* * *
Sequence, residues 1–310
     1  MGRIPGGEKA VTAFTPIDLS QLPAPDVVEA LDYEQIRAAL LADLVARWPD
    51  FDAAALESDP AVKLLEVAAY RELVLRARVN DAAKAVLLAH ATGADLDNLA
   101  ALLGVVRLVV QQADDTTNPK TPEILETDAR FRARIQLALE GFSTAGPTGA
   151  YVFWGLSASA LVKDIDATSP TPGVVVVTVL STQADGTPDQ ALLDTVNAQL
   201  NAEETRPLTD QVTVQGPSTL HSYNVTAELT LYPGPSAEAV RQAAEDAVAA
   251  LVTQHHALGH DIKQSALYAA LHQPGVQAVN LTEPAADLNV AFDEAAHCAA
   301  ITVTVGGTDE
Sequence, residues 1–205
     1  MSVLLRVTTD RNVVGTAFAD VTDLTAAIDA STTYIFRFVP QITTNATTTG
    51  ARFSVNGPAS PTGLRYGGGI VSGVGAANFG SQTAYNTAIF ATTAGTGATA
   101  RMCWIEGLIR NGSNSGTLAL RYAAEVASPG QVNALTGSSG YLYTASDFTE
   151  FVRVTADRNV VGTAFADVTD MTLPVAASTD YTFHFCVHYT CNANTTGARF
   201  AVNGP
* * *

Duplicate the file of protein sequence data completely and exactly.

Sequence, residues 1–310
     1  MGRIPGGEKA VTAFTPIDLS QLPAPDVVEA LDYEQIRAAL LADLVARWPD
    51  FDAAALESDP AVKLLEVAAY RELVLRARVN DAAKAVLLAH ATGADLDNLA
   101  ALLGVVRLVV QQADDTTNPK TPEILETDAR FRARIQLALE GFSTAGPTGA
   151  YVFWGLSASA LVKDIDATSP TPGVVVVTVL STQADGTPDQ ALLDTVNAQL
   201  NAEETRPLTD QVTVQGPSTL HSYNVTAELT LYPGPSAEAV RQAAEDAVAA
   251  LVTQHHALGH DIKQSALYAA LHQPGVQAVN LTEPAADLNV AFDEAAHCAA
   301  ITVTVGGTDE
Sequence, residues 1–205
     1  MSVLLRVTTD RNVVGTAFAD VTDLTAAIDA STTYIFRFVP QITTNATTTG
    51  ARFSVNGPAS PTGLRYGGGI VSGVGAANFG SQTAYNTAIF ATTAGTGATA
   101  RMCWIEGLIR NGSNSGTLAL RYAAEVASPG QVNALTGSSG YLYTASDFTE
   151  FVRVTADRNV VGTAFADVTD MTLPVAASTD YTFHFCVHYT CNANTTGARF
   201  AVNGP